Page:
The social control of a police shooting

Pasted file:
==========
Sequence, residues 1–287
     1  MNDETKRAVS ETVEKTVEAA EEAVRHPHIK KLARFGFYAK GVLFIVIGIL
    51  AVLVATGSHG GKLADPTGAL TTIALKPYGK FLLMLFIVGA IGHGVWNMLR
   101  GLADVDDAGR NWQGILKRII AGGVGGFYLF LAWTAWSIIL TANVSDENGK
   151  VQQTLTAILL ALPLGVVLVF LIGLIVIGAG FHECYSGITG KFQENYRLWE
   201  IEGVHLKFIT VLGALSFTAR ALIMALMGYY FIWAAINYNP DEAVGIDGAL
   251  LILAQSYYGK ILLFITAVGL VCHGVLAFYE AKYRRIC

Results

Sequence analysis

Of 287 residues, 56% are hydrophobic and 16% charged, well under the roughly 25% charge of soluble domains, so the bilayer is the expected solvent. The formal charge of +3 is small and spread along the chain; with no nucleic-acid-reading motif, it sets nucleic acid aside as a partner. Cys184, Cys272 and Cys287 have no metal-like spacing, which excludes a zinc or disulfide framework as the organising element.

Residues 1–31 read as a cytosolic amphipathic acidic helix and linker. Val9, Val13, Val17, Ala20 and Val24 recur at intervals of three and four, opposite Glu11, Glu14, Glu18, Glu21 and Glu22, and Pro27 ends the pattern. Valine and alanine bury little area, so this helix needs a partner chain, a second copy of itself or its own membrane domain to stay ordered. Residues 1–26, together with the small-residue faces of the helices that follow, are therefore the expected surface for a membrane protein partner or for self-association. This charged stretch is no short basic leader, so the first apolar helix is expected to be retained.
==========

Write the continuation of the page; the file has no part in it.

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On the morning of October 12, 1995, Edward Wright, a young black man, ran out of his family’s home unclothed. Wright overwhelmed the first officer to find him and that officer fired on Wright, who died of his wounds. The purpose of this study is to examine three questions about the aftermath of the shooting. First, large crowds of angry African Americans gathered immediately and then again for days. A riot seemed to be imminent. What actions were taken by leaders to prevent violence? Second, the legal review of the potential criminal case against the officers was conducted by the local district attorney. Why did he not file criminal charges, or even refer the case to a grand jury for review? Third, a civil suit was filed against Athens-Clarke County. Why did Athens-Clarke County pay a settlement in the civil case when no criminal case had been prosecuted? An ethnographic case study of the aftermath of the shooting was conducted, allowing identification of the details of the specific events which contributed to the three outcomes. Donald’s Black’s theoretical perspective was used. Black argues that we can understand conflicts by examining the status of adversaries, their supporters, and their detractors along five dimensions of social space: the vertical (wealth), the horizontal (integration), the corporate (organizational), the symbolic (cultural), and the normative (social control). This research shows, first, that specific peacemakers, counterrioters, with cross-cutting ties with both African Americans their adversaries worked to prevent violence. Second, the district attorney acted as a settlement agent with closer ties to the officers than to African Americans when he made a decision not to refer the case to a grand jury. Third, the county attorney for Athens-Clarke County supported the plaintiff when he demanded their insurer settle the case after the plaintiff made a Monell claim, which might have resulted in a higher award in the event of a trial. Thus, the research shows that the status of the participants influenced the outcome of the three conflicts in the way that Black’s theory predicts.